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Discussion Starter · #1 ·
I wrote this as a response to a member and decided to start a thread on this... Bottom line, think through this entire plan, weigh in your driver experience, add in some basic common sense, and take a look at a bit of history.

You decide! Would love to see some active opinions here! Cheers -- Uber John, Jacksonville, Florida.

Uber has a serious flaw in their business model. Forget the mental masturbation exercise called "Driverless Cars". In my opinion, that is 10+++++ years away. If Uber has an issue with local regulators on just offering basic service, can you imagine the state, local and federal authoritative challenges they will face? NOT going to happen anytime soon. It's a great way to promise investors a future until the next .BOMB bubble bursts which is sooner than later.

At the end of the day, Uber, Lyft and others only have TWO assets, all of which are "local market based". Period. 1- Riders and 2- Drivers. The problem is simple and troubling at the same time.

1- Riders... The total pool for riders is a finite number in any market. Although it is large and growing, it is NOT infinite, it can only grow with an increased population, a riders propensity to spend AND riders behaviors to use shared services, replacing their own cars.

2- Drivers... The total pool of drivers is also a finite number and a smaller number of the whole than the rider pool. The trouble is this... It only grows when drivers can prosper and it shrinks when they don't prosper. The laws of supply and demand suggest a troubling scenario...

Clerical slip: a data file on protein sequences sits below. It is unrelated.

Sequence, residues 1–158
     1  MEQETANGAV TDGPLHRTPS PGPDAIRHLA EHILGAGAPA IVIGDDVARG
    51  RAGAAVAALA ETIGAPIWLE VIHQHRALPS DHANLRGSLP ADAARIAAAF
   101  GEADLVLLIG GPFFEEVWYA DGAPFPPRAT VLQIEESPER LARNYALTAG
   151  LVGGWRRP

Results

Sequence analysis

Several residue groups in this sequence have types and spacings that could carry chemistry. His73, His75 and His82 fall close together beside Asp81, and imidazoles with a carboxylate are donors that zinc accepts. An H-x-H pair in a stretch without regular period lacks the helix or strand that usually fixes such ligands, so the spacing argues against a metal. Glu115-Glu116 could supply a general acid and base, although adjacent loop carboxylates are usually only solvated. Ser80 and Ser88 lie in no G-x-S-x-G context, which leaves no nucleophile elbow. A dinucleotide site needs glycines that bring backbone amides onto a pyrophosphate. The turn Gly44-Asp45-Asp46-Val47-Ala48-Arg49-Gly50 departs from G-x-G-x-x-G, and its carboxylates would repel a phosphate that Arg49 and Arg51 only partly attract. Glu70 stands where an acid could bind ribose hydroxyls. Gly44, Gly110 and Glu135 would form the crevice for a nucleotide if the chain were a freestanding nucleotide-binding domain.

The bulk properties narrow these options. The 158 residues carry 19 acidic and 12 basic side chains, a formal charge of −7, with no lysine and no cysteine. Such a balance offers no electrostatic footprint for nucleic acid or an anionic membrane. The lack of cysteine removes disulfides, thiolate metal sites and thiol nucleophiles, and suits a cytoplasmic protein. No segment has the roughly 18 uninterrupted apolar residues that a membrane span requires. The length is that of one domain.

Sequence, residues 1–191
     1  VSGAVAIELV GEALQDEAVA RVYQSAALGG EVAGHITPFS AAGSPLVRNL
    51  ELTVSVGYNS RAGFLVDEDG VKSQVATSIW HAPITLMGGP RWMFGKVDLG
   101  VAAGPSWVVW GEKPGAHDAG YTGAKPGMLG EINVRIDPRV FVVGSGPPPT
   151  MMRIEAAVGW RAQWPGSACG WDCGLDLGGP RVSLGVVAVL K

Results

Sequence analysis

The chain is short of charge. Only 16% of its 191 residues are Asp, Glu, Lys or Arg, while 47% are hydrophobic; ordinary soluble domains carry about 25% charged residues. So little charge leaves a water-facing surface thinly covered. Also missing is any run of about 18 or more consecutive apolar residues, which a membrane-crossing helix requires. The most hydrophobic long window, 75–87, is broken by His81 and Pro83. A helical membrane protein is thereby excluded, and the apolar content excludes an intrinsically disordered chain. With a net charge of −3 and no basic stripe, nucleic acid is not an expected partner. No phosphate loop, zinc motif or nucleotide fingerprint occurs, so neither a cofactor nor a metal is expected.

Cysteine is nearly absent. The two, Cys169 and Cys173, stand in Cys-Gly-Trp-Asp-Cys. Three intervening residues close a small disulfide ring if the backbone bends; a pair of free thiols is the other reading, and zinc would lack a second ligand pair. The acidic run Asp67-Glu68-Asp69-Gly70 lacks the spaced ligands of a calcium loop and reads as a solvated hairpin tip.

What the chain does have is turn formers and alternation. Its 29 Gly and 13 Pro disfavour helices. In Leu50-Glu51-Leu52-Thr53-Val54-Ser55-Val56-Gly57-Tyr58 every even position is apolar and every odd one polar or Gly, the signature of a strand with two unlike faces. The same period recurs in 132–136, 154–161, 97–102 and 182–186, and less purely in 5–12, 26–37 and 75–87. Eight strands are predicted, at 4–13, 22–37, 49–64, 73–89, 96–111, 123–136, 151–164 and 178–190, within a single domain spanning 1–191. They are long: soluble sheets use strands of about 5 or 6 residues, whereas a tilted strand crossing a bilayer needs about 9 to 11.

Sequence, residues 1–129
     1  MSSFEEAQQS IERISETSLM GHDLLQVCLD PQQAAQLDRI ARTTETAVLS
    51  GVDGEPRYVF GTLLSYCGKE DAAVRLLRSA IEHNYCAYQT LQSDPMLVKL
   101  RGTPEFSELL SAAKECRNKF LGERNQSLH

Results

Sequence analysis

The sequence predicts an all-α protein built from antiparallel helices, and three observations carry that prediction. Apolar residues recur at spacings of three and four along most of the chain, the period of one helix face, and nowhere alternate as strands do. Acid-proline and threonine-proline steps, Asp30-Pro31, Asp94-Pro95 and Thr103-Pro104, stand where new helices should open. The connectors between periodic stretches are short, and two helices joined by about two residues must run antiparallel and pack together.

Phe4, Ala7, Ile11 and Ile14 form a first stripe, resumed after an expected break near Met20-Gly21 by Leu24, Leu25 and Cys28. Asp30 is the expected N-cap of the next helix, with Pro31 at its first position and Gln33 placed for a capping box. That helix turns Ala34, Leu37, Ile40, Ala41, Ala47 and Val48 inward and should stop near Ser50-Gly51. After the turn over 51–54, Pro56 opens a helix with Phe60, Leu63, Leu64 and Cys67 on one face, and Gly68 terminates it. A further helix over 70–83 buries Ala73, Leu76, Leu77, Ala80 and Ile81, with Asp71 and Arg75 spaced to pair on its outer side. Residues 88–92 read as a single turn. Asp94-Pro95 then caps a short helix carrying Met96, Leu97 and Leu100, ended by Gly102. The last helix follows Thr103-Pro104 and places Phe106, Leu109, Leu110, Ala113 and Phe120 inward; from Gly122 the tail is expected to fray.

If the driver pool shrinks, rates have to increase which negatively affects rider acceptance (volume). That means fewer riders and less unsustainable revenue to Uber per market. When (IF) the driver pool increases, that means lower rider rates which increases rider acceptance and marginally higher revenue to Uber. However, it is somewhat of an oxymoron in that these are competing events. It circles back to lower rates equals fewer drivers equals higher rates.

Whilst these challenges affect many industries, it is acceptable when you have a somewhat INFINITE pool of assets (riders and drivers). It is not sustainable when your local assets are FINITE.

Investors beware! The only conceivable liquidity event for the investor is an acquisition or a public stock offering. I believe that when Wall Street wakes up and recovers from the upcoming bubble burst, they will not tolerate the risk, not to mention the irresponsible business plan and promise of driverless cars as the path to profitability (not to mention justifying a market cap reportedly worth more than GM, Ford and Chrysler combined).

BUT... What do I know? Only one thing. You can't cheat math for ever.

My suggestion to newbies? Don't be a sheep. Do the math, count your "total" time, gas, wear and tear, liability, etc. Make your own decision. In the meantime, best of luck to you.

Hey, at least the tax deductions are awesome!
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